Real estate considerations

By Jay Mussman

Luxury real estate in the United States rallied in both sales volume and price in the fourth quarter of 2019. Then the coronavirus began, slowing the demand for showings. While deals in the luxury market are still being inked, security remains top of mind for both buyers and sellers in light of this health crisis. As a result, there are a number of considerations for high net-worth individuals when buying a new residence, some of which may also apply when selling.

Jay D. Mussman is senior counsel with Day Pitney LLP

Smart home technology. With the rapid pace of technology being incorporated as amenities in the construction of new residences, it is important to be aware of personal data being captured/recorded and accessible to third parties. Along this line, it is also necessary to understand how your privacy can be compromised if the privacy settings of the systems are not properly set and monitored on a regular basis. Likewise, when moving into a new residence as well as moving out, those systems should be reviewed and cleaned to remove any personal data.

Furniture/fixtures/electronic equipment. When purchasing as well as when selling, care should be taken to list with specificity what items are included and likewise what items are excluded. While real estate contracts typically contain boilerplate wording, that wording does not cover every situation.

  • Insurance coverage should be considered very early during the purchasing decision. Involving the insurance agent prior to the purchase will provide insight on not only the potential insurance premiums but will also allow the insurance agent to facilitate the procurement of an insurance report. The conclusions of the report may be helpful in determining whether to proceed to purchase the property or not.
  • Purchase alternatives. Historically, most high net worth individuals have purchased property. These days, more are considering renting. The rationales for renting include: no long term commitment, marketing lead times to sell million-dollar properties are taking longer to sell, new to the area and want to try it out.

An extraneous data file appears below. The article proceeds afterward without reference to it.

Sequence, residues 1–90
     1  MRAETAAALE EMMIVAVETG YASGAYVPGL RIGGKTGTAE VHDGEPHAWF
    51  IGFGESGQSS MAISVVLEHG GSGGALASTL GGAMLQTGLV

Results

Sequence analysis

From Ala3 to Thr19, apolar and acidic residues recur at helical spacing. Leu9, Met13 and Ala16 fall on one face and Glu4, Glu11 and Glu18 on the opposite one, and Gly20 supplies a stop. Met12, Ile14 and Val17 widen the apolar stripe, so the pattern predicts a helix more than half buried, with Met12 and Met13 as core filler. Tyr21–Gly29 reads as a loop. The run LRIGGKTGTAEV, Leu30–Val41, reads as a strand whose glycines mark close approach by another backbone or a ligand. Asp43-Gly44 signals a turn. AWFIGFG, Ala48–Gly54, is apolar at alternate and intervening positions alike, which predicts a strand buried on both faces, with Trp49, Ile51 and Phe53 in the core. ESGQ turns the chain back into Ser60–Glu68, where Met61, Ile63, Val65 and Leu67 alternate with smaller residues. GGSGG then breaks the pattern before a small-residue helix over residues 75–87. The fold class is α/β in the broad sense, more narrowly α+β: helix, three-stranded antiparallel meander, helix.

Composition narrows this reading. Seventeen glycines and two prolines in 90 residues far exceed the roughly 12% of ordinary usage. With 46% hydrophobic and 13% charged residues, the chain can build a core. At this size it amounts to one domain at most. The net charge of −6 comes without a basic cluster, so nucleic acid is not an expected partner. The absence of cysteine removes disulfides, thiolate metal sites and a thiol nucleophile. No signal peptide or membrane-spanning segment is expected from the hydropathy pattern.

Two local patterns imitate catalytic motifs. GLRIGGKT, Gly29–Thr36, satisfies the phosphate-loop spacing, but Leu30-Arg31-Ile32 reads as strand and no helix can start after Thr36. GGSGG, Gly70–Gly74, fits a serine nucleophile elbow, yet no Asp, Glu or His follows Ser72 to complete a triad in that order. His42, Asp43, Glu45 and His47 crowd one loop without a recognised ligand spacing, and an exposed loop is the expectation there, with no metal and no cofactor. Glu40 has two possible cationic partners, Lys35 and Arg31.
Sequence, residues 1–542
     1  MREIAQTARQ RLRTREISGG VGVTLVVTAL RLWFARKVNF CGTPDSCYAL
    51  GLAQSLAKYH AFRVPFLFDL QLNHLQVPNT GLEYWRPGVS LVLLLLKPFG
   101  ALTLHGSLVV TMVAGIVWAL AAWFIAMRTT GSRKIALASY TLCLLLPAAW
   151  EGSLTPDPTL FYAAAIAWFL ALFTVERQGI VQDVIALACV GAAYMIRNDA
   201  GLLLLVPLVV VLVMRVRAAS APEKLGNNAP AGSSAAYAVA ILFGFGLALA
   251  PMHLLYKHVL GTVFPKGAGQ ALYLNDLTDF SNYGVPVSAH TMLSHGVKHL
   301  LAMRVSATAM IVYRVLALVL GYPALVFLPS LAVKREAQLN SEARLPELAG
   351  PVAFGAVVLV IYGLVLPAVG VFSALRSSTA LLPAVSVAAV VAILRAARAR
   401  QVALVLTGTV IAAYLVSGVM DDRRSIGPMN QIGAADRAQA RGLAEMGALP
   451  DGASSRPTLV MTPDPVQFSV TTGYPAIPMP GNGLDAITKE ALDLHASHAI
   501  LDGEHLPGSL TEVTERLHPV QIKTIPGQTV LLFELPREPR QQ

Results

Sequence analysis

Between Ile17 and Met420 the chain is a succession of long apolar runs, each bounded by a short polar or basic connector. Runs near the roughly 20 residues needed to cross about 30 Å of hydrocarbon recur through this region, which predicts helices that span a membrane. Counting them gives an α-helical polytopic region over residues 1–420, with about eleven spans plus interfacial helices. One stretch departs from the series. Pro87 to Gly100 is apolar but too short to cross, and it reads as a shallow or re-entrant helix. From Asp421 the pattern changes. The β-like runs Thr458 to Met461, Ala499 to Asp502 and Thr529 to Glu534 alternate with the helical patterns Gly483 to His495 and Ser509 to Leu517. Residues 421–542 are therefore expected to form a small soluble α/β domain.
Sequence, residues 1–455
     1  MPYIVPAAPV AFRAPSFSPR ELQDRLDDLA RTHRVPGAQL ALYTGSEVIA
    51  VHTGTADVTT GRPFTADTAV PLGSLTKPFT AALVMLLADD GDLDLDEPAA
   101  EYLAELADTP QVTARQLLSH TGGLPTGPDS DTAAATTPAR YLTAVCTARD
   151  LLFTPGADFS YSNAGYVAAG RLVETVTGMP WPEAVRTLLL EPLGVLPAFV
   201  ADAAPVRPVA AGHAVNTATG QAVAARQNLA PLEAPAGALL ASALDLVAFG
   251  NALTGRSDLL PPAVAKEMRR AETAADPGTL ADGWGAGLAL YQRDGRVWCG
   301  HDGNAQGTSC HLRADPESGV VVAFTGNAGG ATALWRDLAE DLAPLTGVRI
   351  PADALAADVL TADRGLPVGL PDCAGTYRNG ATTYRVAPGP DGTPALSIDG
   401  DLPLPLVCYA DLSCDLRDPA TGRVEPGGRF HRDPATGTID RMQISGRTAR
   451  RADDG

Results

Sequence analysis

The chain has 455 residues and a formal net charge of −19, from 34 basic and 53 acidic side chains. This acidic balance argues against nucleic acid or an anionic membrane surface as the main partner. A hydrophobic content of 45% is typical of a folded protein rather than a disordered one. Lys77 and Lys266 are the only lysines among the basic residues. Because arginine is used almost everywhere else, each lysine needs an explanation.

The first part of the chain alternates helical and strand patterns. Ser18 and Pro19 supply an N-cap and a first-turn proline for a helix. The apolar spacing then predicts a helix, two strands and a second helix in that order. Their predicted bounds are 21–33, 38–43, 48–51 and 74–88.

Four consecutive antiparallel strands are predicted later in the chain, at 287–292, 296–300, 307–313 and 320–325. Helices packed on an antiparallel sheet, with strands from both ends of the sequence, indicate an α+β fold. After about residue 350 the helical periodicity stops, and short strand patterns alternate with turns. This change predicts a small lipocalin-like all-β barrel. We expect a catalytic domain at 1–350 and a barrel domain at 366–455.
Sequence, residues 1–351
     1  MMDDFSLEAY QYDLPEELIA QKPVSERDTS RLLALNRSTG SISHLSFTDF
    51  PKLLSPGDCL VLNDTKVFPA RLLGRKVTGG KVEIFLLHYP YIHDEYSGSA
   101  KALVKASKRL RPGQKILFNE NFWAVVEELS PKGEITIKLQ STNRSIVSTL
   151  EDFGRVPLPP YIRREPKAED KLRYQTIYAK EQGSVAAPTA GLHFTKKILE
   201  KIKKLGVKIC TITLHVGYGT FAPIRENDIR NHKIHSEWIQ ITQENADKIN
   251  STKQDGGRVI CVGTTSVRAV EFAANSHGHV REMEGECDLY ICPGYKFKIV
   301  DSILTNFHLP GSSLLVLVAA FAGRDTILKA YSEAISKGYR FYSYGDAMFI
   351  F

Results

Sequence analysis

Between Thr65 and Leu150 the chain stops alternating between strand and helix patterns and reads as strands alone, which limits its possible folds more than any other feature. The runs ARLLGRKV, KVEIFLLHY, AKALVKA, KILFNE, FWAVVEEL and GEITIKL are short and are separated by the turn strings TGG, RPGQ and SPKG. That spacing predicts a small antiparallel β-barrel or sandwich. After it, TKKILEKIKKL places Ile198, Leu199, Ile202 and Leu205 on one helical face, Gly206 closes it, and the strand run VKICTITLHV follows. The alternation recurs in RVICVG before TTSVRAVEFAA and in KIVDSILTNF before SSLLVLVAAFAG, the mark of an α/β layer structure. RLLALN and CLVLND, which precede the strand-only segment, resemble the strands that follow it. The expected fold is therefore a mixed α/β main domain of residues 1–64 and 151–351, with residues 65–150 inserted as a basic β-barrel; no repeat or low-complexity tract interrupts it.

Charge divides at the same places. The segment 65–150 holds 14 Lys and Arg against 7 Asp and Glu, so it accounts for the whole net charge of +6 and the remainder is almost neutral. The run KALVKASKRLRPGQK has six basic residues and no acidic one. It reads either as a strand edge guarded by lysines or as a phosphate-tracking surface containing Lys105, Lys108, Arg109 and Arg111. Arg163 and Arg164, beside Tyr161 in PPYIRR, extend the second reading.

• Tax/legal/financial guidance. Prior to purchasing a property, it is recommended that you discuss the decision with tax/legal/financial professionals to understand the relevant matters of concern. Each locale may have nuances relating to ownership that may be unique or unclear. As a result, local guidance should also be sought as well as keeping long-term professionals in the loop.
  • Post-closing monitoring of payment/filing deadlines. It is important to monitor any deadlines. Whether paying the applicable real estate taxes on time or filing any required tax returns or annual entity filings, the individual should create a monitoring mechanism or calendar system to keep track of deadlines. The ramifications of failing to comply with payment and/or filing obligations can be costly and problematic. With technology, most payments and filings can also be monitored electronically.

 

Jay Mussman, senior counsel with Day Pitney, is a certified public accountant and attorney. he assists wealthy individual clients with transactional matters in the areas of domestic and international trust and estate planning, probate, real property and taxation. Email him at jThis communication is provided for educational and informational purposes only and is not intended and should not be construed as legal advice, nor does its distribution or receipt create an attorney-client relationship. This communication may be deemed advertising under applicable state laws. Prior results do not guarantee a similar outcome.

 

 

 

Kevin Gale
kgale@sfbwmag.com
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